The Rape of a Sabine, After Giambologna

After Giambologna (born Flanders, active Italy, 1529–1608) 

The Rape of a Sabine, after 1582 


Purchased with funds derived from gifts of Mrs. Phillip E. Spalding, Mr. and Mrs. Theodore A. Cooke, Mr. and Mrs. Walter F. Dillingham, Robert Allerton, Anna Rice Cooke, Mrs. C. C. Kennedy, and Mr. and Mrs. Walter F. Child, and with Academy funds, 1981 (4977.1)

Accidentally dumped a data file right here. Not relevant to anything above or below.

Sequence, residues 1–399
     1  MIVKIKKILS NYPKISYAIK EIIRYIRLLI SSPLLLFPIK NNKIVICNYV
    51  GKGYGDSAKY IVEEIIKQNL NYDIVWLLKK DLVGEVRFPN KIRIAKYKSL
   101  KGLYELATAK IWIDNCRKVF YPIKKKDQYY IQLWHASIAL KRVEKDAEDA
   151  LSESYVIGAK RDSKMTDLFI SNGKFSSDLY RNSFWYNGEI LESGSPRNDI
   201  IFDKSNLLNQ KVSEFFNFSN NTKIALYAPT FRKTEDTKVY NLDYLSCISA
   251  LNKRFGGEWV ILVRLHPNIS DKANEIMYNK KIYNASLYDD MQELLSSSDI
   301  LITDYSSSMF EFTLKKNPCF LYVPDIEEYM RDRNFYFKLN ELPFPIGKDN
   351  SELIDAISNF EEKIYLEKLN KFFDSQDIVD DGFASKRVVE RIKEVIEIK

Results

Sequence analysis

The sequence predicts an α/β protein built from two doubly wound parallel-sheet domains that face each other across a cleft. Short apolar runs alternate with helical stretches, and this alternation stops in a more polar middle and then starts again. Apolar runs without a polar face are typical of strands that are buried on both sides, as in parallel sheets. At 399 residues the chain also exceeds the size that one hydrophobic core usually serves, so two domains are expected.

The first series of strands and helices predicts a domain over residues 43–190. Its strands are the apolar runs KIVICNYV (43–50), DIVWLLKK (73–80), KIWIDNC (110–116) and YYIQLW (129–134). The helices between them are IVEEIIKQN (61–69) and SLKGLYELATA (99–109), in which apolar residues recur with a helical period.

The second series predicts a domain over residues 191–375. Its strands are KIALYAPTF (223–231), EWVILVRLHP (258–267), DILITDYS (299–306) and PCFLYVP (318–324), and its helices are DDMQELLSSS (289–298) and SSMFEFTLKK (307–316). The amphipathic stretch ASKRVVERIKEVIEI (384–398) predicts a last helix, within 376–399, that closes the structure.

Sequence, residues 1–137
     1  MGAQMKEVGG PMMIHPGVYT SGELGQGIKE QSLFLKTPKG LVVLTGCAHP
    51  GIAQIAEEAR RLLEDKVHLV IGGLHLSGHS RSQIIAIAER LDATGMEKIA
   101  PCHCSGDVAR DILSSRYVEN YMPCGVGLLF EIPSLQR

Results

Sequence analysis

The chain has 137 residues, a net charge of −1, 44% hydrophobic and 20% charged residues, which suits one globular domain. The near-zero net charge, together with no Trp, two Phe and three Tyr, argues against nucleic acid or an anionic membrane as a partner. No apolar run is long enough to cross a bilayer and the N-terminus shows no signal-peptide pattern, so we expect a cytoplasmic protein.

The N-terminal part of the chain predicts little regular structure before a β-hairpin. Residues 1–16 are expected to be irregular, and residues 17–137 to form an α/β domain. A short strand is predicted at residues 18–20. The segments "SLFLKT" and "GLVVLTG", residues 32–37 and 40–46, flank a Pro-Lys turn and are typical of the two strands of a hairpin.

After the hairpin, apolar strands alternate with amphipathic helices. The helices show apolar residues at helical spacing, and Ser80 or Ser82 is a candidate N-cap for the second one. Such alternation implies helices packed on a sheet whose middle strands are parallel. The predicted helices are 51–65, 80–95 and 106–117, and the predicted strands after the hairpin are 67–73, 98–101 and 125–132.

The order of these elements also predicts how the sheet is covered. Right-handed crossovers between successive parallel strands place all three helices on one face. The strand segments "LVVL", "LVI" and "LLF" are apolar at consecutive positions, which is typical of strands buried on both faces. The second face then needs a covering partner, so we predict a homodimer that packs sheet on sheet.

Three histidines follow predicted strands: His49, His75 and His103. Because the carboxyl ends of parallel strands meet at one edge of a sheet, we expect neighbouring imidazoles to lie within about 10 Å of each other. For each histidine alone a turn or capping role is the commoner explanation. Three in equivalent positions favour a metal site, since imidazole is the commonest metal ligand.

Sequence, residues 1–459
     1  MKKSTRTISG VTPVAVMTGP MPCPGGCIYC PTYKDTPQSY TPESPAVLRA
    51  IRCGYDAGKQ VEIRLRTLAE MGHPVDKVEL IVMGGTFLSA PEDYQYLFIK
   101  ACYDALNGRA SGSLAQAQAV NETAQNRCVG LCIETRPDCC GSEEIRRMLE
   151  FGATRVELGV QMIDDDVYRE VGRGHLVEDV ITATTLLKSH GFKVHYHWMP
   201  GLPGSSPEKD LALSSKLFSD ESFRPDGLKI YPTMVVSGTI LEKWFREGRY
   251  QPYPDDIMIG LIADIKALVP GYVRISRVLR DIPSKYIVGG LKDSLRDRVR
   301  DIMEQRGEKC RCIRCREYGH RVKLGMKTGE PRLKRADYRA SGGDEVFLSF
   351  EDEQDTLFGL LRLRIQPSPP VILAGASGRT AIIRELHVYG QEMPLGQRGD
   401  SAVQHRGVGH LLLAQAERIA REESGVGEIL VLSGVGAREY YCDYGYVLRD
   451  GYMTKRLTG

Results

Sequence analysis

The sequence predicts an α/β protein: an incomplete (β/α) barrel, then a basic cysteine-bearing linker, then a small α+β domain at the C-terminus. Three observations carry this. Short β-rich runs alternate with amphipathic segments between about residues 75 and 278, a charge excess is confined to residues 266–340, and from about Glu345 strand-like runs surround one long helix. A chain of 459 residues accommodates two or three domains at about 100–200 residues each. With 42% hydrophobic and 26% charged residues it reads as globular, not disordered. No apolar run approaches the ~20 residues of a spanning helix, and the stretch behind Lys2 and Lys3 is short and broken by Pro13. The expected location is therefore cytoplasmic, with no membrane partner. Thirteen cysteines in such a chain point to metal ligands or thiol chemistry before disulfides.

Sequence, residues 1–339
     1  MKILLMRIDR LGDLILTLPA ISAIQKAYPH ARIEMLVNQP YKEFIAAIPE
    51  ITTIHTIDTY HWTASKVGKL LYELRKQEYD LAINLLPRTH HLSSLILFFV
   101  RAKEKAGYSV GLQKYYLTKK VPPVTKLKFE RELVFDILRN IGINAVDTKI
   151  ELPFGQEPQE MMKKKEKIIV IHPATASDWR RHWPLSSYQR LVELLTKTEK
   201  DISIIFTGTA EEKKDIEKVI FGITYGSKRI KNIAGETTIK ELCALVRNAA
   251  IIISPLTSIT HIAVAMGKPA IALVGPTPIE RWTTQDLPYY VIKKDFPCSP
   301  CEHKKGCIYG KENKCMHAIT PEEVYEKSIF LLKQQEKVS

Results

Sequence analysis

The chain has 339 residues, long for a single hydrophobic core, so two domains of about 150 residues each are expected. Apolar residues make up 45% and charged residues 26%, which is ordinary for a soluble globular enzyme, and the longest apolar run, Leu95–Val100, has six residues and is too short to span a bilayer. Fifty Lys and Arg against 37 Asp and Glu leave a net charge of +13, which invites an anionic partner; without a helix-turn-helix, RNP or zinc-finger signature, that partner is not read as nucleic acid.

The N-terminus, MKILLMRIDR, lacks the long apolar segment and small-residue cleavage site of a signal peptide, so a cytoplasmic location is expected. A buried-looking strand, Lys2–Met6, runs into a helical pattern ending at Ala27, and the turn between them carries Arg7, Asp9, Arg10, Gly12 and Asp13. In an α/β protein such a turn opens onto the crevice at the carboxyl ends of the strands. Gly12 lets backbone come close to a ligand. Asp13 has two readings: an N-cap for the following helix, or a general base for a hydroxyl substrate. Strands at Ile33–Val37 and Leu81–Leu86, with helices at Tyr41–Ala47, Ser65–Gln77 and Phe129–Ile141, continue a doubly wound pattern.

Giambologna is widely recognized as one of the most influential sculptors of the 16th and 17th centuries. Under the patronage of the powerful and wealthy Medici family, he created a variety of sculptures, from large-scale marble statue groups to bronze reproductions of his most popular works, an example of which is on view here. Scaled-down replicas of the popular Rape of a Sabine were as important to disseminating Giambologna’s talents as were the original masterpieces, since the hollow bronze sculptures could be easily transported throughout Europe. The Medicis often presented works like this one as diplomatic gifts for heads of state. The title of this work, Rape of a Sabine, was not determined until after the original was completed in 1582, which indicates that Giambologna was more interested in the study of the human form in three dimensions than in the precise depiction of a scene from ancient history